A pair of U.P. state legislators today took issue with a downstate effort to dictate the future of land in the U.P.
Senate Concurrent Resolution 11 urges Congress to designate areas of the U.P. as federally protected Wilderness areas. The proposed area includes the Ehlco Area, Trap Hills, Norwich Plains, and a 2,000-acre addition to the Sturgeon River Gorge Wilderness; a total of 51,000 new restricted-use acres.
With this designation come many unacceptable restrictions. Of particular concern to Reps. Markkanen and Prestin are the prohibitions on tree cutting and the use of vehicles – from cars to bicycles.
“Once again, we find ourselves defending our U.P. way of life from people who don’t live here,” said Prestin, of Cedar River. “This is part of an ongoing effort to use the power of the state and federal government to dictate how we live our lives – from healthcare access to energy usage and our livelihoods. We see this all too often. These prohibitions restrict responsible forest management practices and stops older people and people with disabilities from adequately enjoying the outdoors. This effort totally discards the responsible, resource-based economies that allow us to survive up here. The Upper Peninsula is our home, not a playground.”
Notable restrictions include:
- Cutting live trees
- Moving dead trees
- Removing anything from a cave
- Constructing or maintaining a road or trail
- Handing out fliers
- Using a loud-speaker
- Having a dog on a leash longer than six feet
- Possessing or using a motor vehicle or bike
- Using a helicopter to pick up or drop off any person or supplies
Furthermore, firearms could be prohibited at any time by executive order.
In response, Reps. Markkanen and Prestin introduced a pair of resolutions today, House Resolution 153 and House Concurrent Resolution 7, urging Congress not to issue the Wilderness area declaration and instead ask Congress to declare the entire city of Ann Arbor a federally protected wilderness area.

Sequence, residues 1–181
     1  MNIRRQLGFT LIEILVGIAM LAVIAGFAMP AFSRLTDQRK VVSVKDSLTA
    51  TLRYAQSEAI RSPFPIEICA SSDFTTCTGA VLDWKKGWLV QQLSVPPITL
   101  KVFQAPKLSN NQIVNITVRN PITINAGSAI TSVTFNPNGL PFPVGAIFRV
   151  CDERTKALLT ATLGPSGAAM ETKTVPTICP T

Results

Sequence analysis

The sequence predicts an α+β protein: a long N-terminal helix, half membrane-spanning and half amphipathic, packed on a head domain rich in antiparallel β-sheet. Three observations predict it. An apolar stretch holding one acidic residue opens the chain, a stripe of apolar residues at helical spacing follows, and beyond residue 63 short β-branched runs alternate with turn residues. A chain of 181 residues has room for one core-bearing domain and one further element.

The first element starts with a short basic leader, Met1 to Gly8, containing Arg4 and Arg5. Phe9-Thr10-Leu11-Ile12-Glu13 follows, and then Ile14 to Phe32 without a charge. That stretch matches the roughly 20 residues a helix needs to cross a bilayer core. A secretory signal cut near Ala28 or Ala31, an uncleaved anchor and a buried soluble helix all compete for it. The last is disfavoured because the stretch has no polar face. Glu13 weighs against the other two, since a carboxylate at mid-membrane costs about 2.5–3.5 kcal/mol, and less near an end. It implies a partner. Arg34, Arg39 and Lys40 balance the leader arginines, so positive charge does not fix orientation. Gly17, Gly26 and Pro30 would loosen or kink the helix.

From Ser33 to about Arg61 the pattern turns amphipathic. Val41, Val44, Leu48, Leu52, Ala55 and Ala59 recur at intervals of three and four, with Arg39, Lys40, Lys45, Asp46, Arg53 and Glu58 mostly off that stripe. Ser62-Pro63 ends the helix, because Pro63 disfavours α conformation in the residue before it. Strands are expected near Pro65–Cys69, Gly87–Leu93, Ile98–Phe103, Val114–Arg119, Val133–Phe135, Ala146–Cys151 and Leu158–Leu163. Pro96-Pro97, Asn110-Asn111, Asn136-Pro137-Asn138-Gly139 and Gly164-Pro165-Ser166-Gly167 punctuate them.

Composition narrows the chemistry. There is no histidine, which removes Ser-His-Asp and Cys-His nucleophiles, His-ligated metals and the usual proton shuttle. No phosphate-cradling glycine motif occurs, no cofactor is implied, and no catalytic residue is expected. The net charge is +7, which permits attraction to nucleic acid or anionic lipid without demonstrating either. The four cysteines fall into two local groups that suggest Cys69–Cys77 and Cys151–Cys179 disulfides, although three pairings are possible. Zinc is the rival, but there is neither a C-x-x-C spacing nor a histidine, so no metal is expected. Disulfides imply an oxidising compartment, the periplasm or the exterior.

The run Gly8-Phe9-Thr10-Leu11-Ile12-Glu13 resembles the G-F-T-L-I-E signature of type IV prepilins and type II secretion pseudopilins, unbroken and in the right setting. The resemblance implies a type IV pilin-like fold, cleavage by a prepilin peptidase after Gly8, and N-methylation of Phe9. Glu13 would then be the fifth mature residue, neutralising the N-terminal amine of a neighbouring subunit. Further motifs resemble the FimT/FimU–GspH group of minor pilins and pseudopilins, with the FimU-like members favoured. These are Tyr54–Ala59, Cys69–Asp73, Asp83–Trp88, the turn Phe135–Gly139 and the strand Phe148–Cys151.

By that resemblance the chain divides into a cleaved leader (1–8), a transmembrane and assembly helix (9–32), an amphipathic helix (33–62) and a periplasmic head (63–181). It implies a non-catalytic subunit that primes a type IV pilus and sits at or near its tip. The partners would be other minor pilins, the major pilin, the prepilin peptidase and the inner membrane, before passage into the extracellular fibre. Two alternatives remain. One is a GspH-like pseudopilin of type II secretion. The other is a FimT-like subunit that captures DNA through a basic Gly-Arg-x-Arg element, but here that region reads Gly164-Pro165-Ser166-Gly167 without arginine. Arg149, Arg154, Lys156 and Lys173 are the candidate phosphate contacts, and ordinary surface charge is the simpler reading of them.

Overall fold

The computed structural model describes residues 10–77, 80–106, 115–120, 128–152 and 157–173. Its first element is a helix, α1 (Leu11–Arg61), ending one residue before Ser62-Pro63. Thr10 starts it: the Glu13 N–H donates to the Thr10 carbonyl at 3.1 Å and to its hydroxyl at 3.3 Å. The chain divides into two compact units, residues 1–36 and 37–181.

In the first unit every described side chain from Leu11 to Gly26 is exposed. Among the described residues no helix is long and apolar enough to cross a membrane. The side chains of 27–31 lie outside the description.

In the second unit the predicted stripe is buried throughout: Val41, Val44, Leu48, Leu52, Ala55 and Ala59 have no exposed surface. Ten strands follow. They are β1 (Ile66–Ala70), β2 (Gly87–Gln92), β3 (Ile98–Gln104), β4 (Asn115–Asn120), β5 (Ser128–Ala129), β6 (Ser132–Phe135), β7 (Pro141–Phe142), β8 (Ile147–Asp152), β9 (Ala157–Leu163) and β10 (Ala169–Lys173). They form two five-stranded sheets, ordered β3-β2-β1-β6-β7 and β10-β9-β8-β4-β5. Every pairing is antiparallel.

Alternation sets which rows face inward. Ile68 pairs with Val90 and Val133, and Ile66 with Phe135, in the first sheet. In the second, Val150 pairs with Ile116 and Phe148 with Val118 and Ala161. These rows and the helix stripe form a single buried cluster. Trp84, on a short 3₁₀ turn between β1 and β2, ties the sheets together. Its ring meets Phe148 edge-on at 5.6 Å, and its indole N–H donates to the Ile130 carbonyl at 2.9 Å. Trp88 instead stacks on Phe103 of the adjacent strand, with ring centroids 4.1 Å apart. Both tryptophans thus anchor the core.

“Why a Senator from Ann Arbor thinks she and the Biden Administration know how to manage our backyard better than we do is patently ridiculous,” said Markkanen, of Hancock. “If downstate Democrats want new wilderness areas in Michigan, I’m more than willing to help out by asking Congress to declare the entire city of Ann Arbor a federally protected wilderness area.”
The state of Michigan has a total of 16 federal Wilderness areas that cover nearly 300,000 acres. Wilderness areas are managed by four federal agencies – the National Park Service, the U.S. Forest Service, the U.S. Fish and Wildlife Service or the Bureau of Land Management.
“Pvt. Karna served his country bravely in its time of greatest need,” Markkanen said. “As a fellow veteran, I’m honored to introduce a bill to memorialize his service and sacrifice in the Painsedale and South Range communities.”
“The governor’s new Good Jobs 2.0 proposal has a lot in common with Hollywood’s recent obsession with remaking classic movies; the only difference being, unlike many of the movies, the original Good Jobs program was terrible too,” said Markkanen, R-Hancock. “Michigan doesn’t need to lure coastal corporations into our state so we can have more big fancy ribbon cutting events. We need a real economic development strategy to support our struggling small businesses across Michigan.”
“There are so many Yoopers with Finnish heritage, making celebrating Finnish history all the more important in the Upper Peninsula,” said Markkanen, R-Hancock. “Saunas are essential to Finnish culture. Finns of all generations enjoy traditional saunas for cleansing and as a vital source of relaxation and socializing.”
“The U.P. depends on reliable mail service just like any urban area would,” said Rep. Greg Markkanen, R-Hancock. “It sure feels like, on a good day, the U.P. is merely forgotten. On days like today, we get targeted. If I had to choose, ignoring us would be preferable. It isn’t broke, please leave it alone. The federal government promises that only five non-management employees will be laid off, however, others may be required to transfer. Losing more of our jobs and citizens is not what the Upper Peninsula and the state of Michigan need right now.”